Monday, February 16, 2009

Eagle Bank Bowl: Wake Forest vs Navy

If you’ve read my coverage before, you’ll know that I absolutely HATE scouting the triple option offense that Navy runs. It’s something that is not run at the pro level, so it’s very difficult to place where these players would fit in a traditional pro-style offense. Add to this the fact that the service academies are now requiring their graduates to serve their five year service commitments immediately after graduation, and that means I am paying even less attention. It’s a shame they have started to enforce this rule as it means the majority of these service academy players will not get the chance to play in the pro’s, even if they are worthy of consideration.

Wake Forest:

Aaron Curry, OLB- Curry is definitely the best defensive prospect in this year’s draft. To me, he’s probably one of the top three overall prospects regardless of position. He’s the fastest linebacker I have seen in some time. Curry is great moving forward, and has the ability to be an impact pass rusher at the next level for a team that likes to blitz. His closing speed is elite, so he can make a false read and still track a ball carrier down from the back side. To go with his elite speed, he has all of the technique you need for playing space. He has great form tackling skills, he uses his hands very well to stack up the outside part of the line, get rid of the blocker, and make the tackle. His instincts are great as well, and he has the size to go with all of this. It’s not all positive though as there is one knock on him that I saw. He tends to over commit when charging toward a play. What I mean by this is that he is so big and fast that he struggles a bit to break down, chop his feet, and change directions smoothly. But it’s not a major enough of an issue to knock his draft status down in my opinion. Being too fast is never an issue, and I think that with some technique work, he can correct this. So if he shows improvement in COD (change of direction) tests like the three-cone drill at the combine, you could see him in contention for the number one overall pick. LB’s are great first round picks as they tend to be the safest bets, and I’d say Curry is as safe as they come.

Alphonso Smith, CB- Smith led the nation in interceptions in 2007, and I was happy to see him return for his senior year this season. He’s short and a bit undersized, but his ball skills are elite. He just finds a way to get his hands on balls when they are in the air, and since he’s a very good return man as well, he knows how to find the end zone once he makes a pick. He does tend to gamble a bit with the picks, but I’d happily live with this as he makes more plays than he gives up. I’m interested to see what his 40 time is as he doesn’t seem to have blazing speed on film; he’s more elusive than anything. The biggest knock I have on him is that he’s not a great open field tackler. But he does try hard, and he is physical on the jam. I really like Smith and think he’s going to be a very good pro. His size will push him down to the lower part of the first or early part of the second round, but I think when it’s all said and done, he’s going to be one of the most productive corners in this year’s draft. To me, he’d be an ideal fit for a team like Baltimore at pick 26, but he could go as high as 17 to the Jets or 18 to the Bears.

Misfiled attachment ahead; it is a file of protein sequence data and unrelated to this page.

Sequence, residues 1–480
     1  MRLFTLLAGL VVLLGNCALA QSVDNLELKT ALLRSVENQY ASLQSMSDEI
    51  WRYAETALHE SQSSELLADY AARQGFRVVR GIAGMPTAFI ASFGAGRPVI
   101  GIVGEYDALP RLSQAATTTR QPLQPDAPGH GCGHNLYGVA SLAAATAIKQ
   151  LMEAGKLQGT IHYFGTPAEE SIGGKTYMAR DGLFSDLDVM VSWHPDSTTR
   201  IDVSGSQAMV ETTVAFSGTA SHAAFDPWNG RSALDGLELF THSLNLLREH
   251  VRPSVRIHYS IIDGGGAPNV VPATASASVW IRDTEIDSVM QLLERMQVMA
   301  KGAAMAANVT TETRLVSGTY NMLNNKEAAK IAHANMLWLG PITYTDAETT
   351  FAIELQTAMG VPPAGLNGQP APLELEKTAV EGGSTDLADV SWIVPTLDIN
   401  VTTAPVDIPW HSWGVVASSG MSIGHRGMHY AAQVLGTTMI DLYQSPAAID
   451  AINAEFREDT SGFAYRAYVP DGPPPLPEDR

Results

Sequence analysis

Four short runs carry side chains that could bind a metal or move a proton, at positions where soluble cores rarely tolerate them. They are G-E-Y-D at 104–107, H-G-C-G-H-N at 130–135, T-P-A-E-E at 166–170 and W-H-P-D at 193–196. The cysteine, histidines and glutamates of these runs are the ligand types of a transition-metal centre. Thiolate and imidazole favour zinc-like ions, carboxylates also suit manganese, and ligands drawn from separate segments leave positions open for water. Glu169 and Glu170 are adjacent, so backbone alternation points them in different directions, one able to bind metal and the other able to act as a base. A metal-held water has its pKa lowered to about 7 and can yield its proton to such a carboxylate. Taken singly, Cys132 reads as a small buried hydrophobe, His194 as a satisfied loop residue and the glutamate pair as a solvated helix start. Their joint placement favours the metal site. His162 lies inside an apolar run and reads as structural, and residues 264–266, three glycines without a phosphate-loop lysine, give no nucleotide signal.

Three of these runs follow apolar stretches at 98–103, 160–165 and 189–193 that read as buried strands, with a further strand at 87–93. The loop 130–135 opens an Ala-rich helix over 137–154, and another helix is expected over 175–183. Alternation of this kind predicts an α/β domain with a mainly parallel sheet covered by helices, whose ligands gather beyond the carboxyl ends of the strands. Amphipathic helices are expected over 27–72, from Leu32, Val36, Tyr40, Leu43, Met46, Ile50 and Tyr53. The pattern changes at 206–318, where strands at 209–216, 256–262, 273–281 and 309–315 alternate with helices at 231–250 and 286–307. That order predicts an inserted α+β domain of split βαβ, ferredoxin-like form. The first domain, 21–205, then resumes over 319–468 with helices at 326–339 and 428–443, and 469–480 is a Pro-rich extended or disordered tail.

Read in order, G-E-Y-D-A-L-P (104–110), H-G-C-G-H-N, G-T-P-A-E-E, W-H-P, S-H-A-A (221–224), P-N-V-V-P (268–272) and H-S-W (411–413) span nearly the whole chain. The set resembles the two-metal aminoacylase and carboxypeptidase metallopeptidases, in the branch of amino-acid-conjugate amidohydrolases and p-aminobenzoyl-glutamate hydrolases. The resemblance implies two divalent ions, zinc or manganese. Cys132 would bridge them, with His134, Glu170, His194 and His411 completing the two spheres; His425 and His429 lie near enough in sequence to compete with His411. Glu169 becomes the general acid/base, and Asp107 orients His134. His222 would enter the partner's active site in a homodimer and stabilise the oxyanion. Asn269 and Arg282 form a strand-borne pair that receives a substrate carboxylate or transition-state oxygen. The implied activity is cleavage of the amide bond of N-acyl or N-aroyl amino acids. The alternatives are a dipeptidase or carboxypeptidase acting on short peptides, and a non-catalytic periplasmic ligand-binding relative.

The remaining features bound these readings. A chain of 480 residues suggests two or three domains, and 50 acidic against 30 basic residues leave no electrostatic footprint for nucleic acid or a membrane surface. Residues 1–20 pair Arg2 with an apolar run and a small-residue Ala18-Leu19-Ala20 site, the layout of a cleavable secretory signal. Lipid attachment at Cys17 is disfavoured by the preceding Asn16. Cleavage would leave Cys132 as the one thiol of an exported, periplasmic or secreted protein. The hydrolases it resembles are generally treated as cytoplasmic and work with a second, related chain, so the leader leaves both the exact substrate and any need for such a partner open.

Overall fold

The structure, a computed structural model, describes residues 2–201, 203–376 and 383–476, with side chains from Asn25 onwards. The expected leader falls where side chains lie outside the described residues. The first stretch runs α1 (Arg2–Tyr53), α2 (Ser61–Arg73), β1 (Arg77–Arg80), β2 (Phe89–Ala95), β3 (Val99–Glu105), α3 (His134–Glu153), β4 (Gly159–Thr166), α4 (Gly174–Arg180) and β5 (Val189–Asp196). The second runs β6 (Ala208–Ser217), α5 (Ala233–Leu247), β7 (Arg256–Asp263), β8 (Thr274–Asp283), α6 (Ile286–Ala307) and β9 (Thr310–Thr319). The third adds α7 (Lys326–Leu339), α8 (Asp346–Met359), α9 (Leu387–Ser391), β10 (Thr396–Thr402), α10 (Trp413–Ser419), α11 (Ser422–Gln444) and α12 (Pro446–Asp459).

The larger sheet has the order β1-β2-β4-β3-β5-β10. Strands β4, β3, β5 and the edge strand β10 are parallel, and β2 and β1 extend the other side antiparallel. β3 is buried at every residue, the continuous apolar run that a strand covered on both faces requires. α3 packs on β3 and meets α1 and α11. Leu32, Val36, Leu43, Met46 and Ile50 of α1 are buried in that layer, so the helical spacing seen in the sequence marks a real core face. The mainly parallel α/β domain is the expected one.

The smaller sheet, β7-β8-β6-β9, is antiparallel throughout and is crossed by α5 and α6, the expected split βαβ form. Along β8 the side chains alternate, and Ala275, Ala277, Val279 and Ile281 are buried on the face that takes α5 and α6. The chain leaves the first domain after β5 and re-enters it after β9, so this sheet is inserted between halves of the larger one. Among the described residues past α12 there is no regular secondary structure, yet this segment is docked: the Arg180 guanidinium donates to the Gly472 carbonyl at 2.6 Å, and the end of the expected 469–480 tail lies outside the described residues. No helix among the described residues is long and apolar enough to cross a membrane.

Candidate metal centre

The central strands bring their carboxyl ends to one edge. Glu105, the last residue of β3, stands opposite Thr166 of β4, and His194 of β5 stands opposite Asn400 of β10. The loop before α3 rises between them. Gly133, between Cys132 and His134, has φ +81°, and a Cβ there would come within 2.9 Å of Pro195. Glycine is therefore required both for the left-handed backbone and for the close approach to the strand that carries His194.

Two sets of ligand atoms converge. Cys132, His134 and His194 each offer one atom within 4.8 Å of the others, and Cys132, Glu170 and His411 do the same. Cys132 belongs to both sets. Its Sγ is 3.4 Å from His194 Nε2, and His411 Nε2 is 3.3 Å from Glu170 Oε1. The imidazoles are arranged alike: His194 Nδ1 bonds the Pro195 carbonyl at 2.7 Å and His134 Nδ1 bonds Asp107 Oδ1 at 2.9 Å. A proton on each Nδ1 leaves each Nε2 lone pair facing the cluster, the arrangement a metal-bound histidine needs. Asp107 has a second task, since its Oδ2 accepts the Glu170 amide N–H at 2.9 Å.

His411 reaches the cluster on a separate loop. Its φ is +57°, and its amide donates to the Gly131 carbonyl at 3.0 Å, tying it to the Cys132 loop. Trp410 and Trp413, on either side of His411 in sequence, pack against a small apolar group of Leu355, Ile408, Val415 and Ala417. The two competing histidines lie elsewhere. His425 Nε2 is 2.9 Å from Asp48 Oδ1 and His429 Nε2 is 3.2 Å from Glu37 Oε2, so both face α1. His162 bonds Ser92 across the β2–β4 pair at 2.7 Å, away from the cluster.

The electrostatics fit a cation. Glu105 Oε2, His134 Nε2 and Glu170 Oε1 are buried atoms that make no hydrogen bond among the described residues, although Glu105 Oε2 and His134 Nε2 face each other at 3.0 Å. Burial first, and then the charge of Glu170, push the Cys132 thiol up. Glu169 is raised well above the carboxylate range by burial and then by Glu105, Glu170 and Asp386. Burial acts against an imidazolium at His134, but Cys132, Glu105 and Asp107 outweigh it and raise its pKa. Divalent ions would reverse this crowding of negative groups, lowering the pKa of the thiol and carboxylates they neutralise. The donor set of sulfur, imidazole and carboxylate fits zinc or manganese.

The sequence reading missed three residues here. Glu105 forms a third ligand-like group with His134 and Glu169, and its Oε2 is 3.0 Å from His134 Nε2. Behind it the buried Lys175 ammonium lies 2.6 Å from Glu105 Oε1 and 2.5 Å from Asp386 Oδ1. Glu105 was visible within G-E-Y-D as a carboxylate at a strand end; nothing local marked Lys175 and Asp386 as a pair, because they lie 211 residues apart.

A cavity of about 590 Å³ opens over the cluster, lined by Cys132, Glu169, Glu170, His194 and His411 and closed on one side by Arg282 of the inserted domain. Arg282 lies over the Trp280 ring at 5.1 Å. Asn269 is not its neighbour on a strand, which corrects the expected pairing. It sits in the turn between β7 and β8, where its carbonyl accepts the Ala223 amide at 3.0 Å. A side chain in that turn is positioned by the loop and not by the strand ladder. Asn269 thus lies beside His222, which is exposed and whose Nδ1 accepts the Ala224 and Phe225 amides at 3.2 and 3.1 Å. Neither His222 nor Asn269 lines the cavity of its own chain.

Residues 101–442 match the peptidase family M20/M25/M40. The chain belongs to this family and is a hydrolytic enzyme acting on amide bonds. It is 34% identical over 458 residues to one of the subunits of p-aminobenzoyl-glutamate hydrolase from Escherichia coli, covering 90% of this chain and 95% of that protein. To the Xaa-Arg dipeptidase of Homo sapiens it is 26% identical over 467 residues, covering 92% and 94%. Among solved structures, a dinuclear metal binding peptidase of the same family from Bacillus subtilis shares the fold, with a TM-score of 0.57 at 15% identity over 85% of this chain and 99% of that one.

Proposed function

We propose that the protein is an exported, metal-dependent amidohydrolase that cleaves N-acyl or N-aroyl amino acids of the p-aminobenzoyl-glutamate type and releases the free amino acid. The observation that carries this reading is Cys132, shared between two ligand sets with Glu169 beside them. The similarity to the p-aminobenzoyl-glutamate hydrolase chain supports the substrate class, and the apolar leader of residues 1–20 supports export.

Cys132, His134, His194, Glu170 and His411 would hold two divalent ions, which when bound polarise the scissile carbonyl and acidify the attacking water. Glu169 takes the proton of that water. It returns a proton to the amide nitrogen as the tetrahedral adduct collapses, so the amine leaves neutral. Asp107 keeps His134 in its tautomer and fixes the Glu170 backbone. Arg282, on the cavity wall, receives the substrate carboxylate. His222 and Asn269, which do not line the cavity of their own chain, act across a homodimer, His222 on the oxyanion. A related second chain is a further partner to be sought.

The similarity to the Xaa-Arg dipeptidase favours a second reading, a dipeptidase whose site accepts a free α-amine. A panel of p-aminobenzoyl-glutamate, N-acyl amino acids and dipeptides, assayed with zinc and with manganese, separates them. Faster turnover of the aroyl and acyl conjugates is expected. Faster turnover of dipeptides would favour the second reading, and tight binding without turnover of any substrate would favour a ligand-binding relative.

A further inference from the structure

DJ Boldin, WR- Boldin is a guy that grew on me the more I saw him play. He’s an undersized slot receiver in the mold of a Wes Welker. He’s short, undersized, but has great body control and catches the ball away from his body with his hands. He’s also a decent blocker who plays above his size with his technique and effort in this aspect of the game (a very underrated aspect which I really like to see effort in). He’s a late round prospect, and I do question his speed, but he’s the type of player that will find his way on to a roster and will stick there.

Chip Vaughn, S- Vaughn is an intriguing guy. He’s very good at coming up against the run, but seems to be a bit stiff in the hips when turning to run. I’ll cover him more in the senior bowl as he did very well in the practices there. I think Vaughn may slip to the fourth round area, and will be a very good value at that point. He’s a solid SS prospect that can vastly improve his stock with a good 40 time at the combine. If he runs slower than expected, he’s the kind of guy I could see bulking up a bit and player WLB in a Cover-2 defense.

Josh Adams, RB- Adams is a young running back with good vision, great quickness, and home run hitting speed. The only detriment to his game is his size, but he has at least another year to get bigger and stronger. He’s a player I will be watching next closely next season.

Riley Skinner, QB- Skinner is a bit of an enigma to me. He’s got the size, has a quick release, his arm is good enough, and he seems to be fairly accurate. But there is just something missing from his game that tells me he can be an NFL caliber QB. He will make some very good throws at times, then follow this up with some absolutely horrible throws. His biggest weakness is his tendency to stare down receivers. If he can work on some of these points, I could see him being an effective career back up in the NFL. Maybe he can improve enough to prove me wrong, and show that he can be a potential starter in the NFL.

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